Josiah, son of Amon

“Josiah was eight years old when he became king, and he reigned thirty-one years in Jerusalem. His mother's name was Jedidah the daughter of Adaiah of Bozkath. And he did what was right in the sight of the LORD, and walked in all the ways of his father David; he did not turn aside to the right hand or to the left.” (2Ki 22:1-2, NKJV)

During a temple restoration project in the eighteenth year of his reign, Hilkiah the high priest discovered a Torah scroll - likely an original copy written by Moses. When Shaphan the scribe read the Book of the Law to Josiah, he was greatly alarmed. The king tore his clothes and wept, and commanded his servants:

“Go, inquire of the LORD for me, for the people and for all Judah, concerning the words of this book that has been found; for great is the wrath of the LORD that is aroused against us, because our fathers have not obeyed the words of this book, to do according to all that is written concerning us.” (2Ki 22:13)

They sought out the counsel of the prophetess Huldah. The word of the LORD from her declared that calamity was indeed coming upon the kingdom because it had forsaken God and provoked Him to anger by burning incense to other gods. However, because of the king's sincere contrition upon hearing the words contained in the scroll, she assured Josiah that during his reign the days of judgment would not come upon the nation as predicted in the Scripture, but that he would be gathered to his fathers in peace first. The king gathered all the elders of the land unto him in Jerusalem, they went up to the house of the Lord and Josiah read in their hearing all the words of the Book of the Covenant which had been found.

“Then the king stood by a pillar and made a covenant before the LORD, to follow the LORD and to keep His commandments and His testimonies and His statutes, with all his heart and all his soul, to perform the words of this covenant that were written in this book. And all the people took a stand for the covenant.” (2Ki 23:3)

King Josiah then proceeded to execute the most aggressive and exhaustive reformation campaign in all of Judah's history (2Ki 23:4-19):

After all these things, Josiah returned to Jerusalem and commanded all the people to “keep the Passover to the LORD your God, as it is written in this Book of the Covenant,” which they did - wholeheartedly as Scripture tells us:

“There had been no Passover kept in Israel like that since the days of Samuel the prophet; and none of the kings of Israel had kept such a Passover as Josiah kept, with the priests and the Levites, all Judah and Israel who were present, and the inhabitants of Jerusalem.” (2Ch 35:18)

Nevertheless, as good as all these acts of reform by Josiah were, nothing could turn away the LORD's wrath because of the abject wickedness of Manasseh's sinful reign. God had already determined to remove Judah from His sight, just as He had already removed Israel (vv. 2Ki 23:26-27).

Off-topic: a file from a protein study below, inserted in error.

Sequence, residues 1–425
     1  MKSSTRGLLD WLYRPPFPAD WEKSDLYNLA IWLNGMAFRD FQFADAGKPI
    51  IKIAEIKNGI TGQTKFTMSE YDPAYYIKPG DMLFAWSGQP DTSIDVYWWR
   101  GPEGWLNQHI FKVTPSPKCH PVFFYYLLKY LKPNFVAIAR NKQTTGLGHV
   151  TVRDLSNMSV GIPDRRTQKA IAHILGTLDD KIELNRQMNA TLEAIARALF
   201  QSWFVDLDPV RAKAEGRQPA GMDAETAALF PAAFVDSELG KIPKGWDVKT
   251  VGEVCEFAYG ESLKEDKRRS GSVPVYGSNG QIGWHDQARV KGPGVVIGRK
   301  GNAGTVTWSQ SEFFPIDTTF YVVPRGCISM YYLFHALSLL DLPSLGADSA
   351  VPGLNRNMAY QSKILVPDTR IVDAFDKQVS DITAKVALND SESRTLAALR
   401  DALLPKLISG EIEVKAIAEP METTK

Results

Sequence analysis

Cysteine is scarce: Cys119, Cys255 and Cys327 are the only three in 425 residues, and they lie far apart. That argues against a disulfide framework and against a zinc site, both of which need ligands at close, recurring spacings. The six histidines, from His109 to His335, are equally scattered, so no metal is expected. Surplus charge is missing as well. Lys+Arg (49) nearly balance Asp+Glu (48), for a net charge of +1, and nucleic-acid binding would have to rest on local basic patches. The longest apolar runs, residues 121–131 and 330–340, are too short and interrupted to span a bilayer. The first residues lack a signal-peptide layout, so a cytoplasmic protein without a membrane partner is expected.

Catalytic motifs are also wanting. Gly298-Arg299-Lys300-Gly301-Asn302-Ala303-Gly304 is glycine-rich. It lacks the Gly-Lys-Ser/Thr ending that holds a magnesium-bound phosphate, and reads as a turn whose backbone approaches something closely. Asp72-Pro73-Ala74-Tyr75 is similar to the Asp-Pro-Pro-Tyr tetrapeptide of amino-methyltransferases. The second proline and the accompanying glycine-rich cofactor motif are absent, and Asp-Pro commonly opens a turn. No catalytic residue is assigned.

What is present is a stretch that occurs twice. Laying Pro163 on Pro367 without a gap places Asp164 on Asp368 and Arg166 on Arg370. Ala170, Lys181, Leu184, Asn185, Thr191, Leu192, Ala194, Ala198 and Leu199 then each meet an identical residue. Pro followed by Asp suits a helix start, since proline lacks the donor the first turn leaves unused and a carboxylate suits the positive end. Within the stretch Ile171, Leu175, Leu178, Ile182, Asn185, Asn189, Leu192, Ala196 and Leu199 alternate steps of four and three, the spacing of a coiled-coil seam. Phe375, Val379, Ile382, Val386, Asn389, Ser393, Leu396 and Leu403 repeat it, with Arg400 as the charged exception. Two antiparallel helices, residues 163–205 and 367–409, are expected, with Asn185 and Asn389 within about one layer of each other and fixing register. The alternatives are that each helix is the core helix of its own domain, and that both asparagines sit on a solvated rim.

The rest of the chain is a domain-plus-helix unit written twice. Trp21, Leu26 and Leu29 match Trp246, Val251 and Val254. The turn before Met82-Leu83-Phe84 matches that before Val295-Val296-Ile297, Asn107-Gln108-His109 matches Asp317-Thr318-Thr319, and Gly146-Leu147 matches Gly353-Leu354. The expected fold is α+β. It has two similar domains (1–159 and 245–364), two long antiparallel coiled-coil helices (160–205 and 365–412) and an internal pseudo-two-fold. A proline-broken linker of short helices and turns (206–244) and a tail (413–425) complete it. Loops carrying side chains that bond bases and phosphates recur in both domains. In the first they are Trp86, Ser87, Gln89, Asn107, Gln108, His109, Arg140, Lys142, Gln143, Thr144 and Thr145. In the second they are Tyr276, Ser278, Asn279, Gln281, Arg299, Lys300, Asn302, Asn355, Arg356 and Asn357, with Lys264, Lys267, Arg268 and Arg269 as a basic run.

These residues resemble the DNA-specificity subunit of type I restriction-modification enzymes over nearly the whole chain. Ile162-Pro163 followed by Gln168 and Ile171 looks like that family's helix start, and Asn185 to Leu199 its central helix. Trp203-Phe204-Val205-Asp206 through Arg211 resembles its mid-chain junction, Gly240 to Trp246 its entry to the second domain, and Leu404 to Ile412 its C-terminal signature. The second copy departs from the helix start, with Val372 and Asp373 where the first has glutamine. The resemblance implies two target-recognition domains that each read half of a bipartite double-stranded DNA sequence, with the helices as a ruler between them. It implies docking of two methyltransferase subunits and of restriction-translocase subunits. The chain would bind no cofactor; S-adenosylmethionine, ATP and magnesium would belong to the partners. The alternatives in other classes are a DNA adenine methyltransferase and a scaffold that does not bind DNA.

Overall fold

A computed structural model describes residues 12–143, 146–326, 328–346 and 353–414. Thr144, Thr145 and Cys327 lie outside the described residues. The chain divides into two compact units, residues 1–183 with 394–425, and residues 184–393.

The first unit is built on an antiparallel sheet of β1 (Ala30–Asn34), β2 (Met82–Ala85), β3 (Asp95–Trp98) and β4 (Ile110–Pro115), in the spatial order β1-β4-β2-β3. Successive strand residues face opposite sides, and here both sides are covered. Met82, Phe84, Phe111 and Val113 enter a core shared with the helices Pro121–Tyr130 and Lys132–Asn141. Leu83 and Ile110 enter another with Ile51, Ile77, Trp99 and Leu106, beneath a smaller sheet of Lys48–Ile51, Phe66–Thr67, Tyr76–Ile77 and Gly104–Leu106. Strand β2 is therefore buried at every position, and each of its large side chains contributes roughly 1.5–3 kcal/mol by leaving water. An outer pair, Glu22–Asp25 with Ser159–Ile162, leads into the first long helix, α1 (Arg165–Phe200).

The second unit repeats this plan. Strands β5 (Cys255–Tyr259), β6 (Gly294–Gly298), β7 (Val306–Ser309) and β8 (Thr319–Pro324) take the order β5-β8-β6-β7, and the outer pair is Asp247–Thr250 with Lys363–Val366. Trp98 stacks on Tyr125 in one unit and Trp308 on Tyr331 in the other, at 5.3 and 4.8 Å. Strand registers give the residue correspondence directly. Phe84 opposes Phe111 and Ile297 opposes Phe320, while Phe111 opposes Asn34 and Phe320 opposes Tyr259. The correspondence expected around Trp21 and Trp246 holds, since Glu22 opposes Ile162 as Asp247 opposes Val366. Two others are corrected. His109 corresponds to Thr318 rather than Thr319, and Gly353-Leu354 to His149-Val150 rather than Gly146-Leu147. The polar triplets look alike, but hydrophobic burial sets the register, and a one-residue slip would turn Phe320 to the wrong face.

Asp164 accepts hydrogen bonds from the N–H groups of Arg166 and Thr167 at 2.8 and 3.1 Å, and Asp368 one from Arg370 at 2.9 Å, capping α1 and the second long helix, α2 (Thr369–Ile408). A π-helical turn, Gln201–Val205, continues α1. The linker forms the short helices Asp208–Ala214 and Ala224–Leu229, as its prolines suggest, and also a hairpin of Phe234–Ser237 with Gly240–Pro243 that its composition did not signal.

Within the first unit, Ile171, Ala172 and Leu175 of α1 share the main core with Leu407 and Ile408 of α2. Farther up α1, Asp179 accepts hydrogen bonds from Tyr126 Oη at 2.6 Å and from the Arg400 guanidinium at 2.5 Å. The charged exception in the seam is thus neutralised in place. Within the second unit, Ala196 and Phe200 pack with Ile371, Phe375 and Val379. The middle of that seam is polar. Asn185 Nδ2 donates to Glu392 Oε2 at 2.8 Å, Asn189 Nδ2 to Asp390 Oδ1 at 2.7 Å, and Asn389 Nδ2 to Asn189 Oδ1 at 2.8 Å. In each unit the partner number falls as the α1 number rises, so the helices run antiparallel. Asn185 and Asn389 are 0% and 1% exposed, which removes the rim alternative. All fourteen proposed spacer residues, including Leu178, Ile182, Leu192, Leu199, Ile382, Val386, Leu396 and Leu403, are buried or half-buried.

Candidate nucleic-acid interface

“Now before him there was no king like him, who turned to the LORD with all his heart, with all his soul, and with all his might, according to all the Law of Moses; nor after him did any arise like him.” (2Ki 23:25)

Of all the kings in David's line, including David himself, no king came as close to the royal ideal of Deuteronomy 17:14-20 than Josiah. However, even Josiah was not perfect because he had multiple wives (cf. vv. 2Ki 23:31, 36).

Toward the end of Josiah's reign, the Egyptian Pharaoh Necho II (ca. 609-594 B.C.) was an ally of Assyria against the growing power of Babylon. For some unstated reason, Josiah attempted to stop Necho's army from joining the Assyrians at Carchemish (the Assyrian capital on the bank of the Euphrates River), in a war against Babylon. Josiah, possibly thinking this alliance would turn against his nation, went to stop the Egyptian army who were currently in transit across the Valley of Megiddo. Necho warned Josiah to refrain from meddling in his affairs. Necho sent messengers to Josiah saying:

“What have I to do with you, king of Judah? I have not come against you this day, but against the house with which I have war; for God commanded me to make haste. Refrain from meddling with God, who is with me, lest He destroy you.” (2Ch 35:21)

Josiah refused to heed the warning, and disguised himself so that he might fight with Necho. During the heat of the conflict, Egyptian archers shot king Josiah and severely wounded him. His servants rescued him, transferred him to a second chariot and drove him away from battle, a journey of sixty miles south back to Jerusalem. However, the good king's wounds were too great and he died. Josiah was buried in one of the tombs of his fathers. All Judah and Jerusalem mourned for their beloved king.

“Jeremiah also lamented for Josiah. And to this day all the singing men and the singing women speak of Josiah in their lamentations. They made it a custom in Israel; and indeed they are written in the Laments.” (2Ch 35:25)

ARCHEOLOGICAL NOTE: Recently, a religious shrine with horse figurines has been discovered in Jerusalem (cf. Ezekiel 8:16).